The 17 Vietnamese girls and women rescued from two Svay Pak brothels Friday will not be jailed or face illegal immigration charges, but they will be deported, said Touch Ngim, deputy director of the anti-trafficking unit of the Ministry of Interior.
Despite being put under the care of a local NGO, one of the girls was reportedly returned to Svay Pak after being “signed out” for questioning by an Interior Ministry Anti Sex Crimes Unit officer, said Chanthol Oung, Cambodian Women’s Crisis Center director.
“[Officer] Ten Borath signed one of the girls out in order to interview her at the Ministry of Interior,” she said.
She said that a CWCC volunteer later called the center and said the girl was back in a Svay Pak brothel, but could not confirm her exact whereabouts.
Prun Vuth, bureau chief of the anti-sex crimes unit, confirmed Monday that he allowed one 21- year-old girl to return to her family Saturday after her relatives requested that she be allowed to come home.
“The girl’s parents came to the Ministry of Interior and asked for the girls back,” Prun Vuth said. “After questioning them, we realized that they really were her parents so we decided to let her go. I ordered Ten Borath to take her from the center. She was cheated into being a sex worker and her family guaranteed not to return her to the brothel.”
Prun Vuth denied there was any sort of payoff involved, but said he did not know where she is now and that it is possible the girl might be back in Svay Pak.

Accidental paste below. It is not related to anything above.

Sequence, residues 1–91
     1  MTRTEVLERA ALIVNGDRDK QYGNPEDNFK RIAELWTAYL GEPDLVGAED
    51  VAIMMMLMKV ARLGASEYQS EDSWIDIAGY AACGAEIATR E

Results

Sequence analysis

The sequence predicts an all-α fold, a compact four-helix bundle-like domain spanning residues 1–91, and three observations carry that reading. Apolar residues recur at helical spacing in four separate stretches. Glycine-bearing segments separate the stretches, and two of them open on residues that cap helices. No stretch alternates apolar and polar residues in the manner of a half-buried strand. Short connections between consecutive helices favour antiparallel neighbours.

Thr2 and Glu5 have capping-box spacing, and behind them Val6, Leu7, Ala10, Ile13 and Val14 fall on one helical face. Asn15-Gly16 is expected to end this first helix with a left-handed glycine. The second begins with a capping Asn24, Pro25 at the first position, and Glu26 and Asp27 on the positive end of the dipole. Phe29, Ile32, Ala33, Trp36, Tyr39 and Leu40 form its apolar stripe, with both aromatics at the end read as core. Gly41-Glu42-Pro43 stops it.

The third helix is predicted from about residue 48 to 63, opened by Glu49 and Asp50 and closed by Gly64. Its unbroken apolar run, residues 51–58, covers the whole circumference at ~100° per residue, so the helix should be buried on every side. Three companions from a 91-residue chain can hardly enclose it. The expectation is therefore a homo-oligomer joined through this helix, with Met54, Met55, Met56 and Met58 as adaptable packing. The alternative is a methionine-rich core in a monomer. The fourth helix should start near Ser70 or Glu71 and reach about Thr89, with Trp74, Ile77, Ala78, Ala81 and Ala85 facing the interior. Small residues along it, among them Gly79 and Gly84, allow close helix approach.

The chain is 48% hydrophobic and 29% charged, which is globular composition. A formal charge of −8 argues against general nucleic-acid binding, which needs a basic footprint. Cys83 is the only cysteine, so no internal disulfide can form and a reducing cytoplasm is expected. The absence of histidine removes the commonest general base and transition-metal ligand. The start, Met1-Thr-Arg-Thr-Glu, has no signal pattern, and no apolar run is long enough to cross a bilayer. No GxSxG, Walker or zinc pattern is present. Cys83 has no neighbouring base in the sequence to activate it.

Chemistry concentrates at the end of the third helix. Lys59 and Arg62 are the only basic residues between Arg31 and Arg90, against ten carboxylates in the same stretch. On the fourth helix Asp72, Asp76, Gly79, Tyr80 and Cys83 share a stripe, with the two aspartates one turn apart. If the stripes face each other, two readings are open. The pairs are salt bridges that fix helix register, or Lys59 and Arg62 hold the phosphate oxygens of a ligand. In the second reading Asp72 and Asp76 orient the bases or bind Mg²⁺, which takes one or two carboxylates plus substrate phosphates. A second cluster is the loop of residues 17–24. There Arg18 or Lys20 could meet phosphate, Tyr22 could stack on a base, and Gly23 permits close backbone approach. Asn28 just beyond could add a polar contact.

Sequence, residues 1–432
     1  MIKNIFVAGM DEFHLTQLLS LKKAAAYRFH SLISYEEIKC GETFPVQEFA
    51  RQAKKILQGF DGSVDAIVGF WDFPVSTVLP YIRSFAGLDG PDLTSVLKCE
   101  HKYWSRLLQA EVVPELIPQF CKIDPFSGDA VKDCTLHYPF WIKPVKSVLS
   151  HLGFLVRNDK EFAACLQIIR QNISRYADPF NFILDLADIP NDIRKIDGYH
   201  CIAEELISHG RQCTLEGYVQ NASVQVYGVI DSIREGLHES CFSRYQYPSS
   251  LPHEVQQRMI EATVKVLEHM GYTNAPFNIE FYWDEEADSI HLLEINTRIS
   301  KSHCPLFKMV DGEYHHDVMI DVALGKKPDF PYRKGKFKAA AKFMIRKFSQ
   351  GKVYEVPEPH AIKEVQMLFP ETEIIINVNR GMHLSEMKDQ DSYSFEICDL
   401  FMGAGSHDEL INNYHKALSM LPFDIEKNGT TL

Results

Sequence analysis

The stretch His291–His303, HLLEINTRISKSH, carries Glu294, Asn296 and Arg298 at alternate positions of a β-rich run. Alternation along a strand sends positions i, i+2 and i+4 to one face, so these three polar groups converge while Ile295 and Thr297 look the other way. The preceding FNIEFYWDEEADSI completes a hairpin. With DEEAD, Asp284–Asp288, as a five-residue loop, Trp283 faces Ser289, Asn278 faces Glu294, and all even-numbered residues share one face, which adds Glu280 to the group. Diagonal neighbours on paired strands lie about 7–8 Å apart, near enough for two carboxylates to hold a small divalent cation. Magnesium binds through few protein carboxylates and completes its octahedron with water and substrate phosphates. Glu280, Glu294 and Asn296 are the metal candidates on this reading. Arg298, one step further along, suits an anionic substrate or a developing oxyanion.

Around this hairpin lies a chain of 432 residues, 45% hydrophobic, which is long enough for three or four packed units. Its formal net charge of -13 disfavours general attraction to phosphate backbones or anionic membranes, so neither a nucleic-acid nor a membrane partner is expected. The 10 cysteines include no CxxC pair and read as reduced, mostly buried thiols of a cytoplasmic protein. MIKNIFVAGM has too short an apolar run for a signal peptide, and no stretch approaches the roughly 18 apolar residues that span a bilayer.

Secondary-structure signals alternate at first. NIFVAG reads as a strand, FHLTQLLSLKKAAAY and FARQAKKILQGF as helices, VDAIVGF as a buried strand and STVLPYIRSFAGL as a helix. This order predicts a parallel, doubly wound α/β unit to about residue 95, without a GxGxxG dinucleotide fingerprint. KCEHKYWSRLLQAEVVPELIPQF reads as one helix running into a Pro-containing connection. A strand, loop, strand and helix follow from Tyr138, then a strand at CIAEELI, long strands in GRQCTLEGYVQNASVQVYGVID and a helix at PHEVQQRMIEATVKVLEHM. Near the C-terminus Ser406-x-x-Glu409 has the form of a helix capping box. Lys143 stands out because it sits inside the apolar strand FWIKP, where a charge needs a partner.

Brigadier General Un Sokunthea, director of the ministry’s anti-sex trafficking unit, said she had no information regarding the girl. She said she believed the 17 girls were being kept at the CWCC, while two suspected brothel owners are being detained in Prey Sar prison.
Although the suspected owners of one of the brothels managed to escape during Friday’s two raids, two women—aged 27 and 40—who were taken into custody from a second brothel have been charged with illegally confining the women, Touch Ngim said.
“None of the girls have official documents or passports and were cheated when they came to get good jobs” in Phnom Penh, Touch Ngim said. But, “I could not allow the court to [charge the girls] because they are victims of trafficking. I will request that the prosecutor not charge them with illegal entry.”
Human rights groups strongly criticized Cambodian officials when they arrested 14 young Vietnamese girls on illegal immigration charges in June after they were rescued in a series of Svay Pak brothel raids in May. Ten of those girls are currently serving two-or three-month sentences, after which they will be sent to Vietnam.